Challenging theoretical models

Studying the thermal evolution of neutron stars is a promising avenue to gain insight into their structure and composition, and therefore of how matter behaves under extreme physical conditions. These compact stellar remnants are born hot in supernova explosions, but quickly cool as their thermal energy is drained via neutrino emission from their dense interior and thermal photons radiated from their surface. When residing in low-mass X-ray binaries, neutron stars pull off and accrete the outer layers of a companion star. This can re-heat the neutron star and drastically impact its thermal evolution.

The accretion of matter causes a series of nuclear reactions (electron-captures and fusion of atomic nuclei) that produce heat at a rate that is proportional to the rate at which matter is falling onto the neutron star. These processes can significantly raise the temperature of the outer layers of the neutron star, the crust, which then become hotter than the stellar interior, the core. How much heat is released, and at which depth, depends sensitively on the structure and composition of the crustal layers. When the neutron star stops accreting (during so-called quiescent episodes), the crust cools down until it reaches the same temperature as the core again. How fast the crust cools depends strongly on its ability to store and transport heat, and hence on its structure and composition. Studying temperature changes of a neutron star due to accretion episodes thus holds valuable information about the properties of its crust.

In 2010, a neutron star called IGR J17480-2446 started accreting matter from its companion star, temporarily making it the brightest X-ray source in the globular cluster Terzan 5. When it stopped 10 weeks later, we began to follow the neutron star every few months with the Chandra satellite to study any possible changes in its temperature. With our initial observations we discovered that the neutron star was about 300 000 degrees hotter than before it started accreting. This provided the first strong evidence that a neutron star can become significantly heated after just 2 months of accreting matter (rather than >1 year; read more here).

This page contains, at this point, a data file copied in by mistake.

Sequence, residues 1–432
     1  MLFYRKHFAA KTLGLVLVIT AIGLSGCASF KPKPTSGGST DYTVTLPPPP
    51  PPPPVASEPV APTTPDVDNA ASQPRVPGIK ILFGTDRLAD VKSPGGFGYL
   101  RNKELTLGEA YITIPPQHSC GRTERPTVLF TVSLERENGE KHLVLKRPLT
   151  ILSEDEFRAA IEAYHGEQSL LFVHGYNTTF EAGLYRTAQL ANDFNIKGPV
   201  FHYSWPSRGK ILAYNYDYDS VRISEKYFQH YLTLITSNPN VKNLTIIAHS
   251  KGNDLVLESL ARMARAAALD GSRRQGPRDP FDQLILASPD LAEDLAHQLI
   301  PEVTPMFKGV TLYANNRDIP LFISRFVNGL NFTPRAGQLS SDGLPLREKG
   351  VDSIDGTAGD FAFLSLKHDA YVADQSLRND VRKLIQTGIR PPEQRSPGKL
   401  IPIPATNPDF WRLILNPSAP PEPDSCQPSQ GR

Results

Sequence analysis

Since this neutron star was heated for a relatively short time, theory predicted that it should cool down rapidly. On the contrary, we have found that the neutron star is still considerably hotter than its pre-accretion temperature 2.5 years later! This indicates that there might be some important ingredients missing in our current understanding of heating and cooling of accreting neutron stars. To be able to distinguish between different possible explanations and hence fully grasp the implications of our findings of IGR J17480-2446, we aim to keep observing this neutron star until it has fully cooled. A new Chandra observation has been scheduled for this purpose in the next year (2014). We are anxious to find out how the temperature of the neutron star has changed by that time.

Paper link: ADS


Three-color image of the globular cluster Terzan 5, obtained with the Chandra X-ray satellite.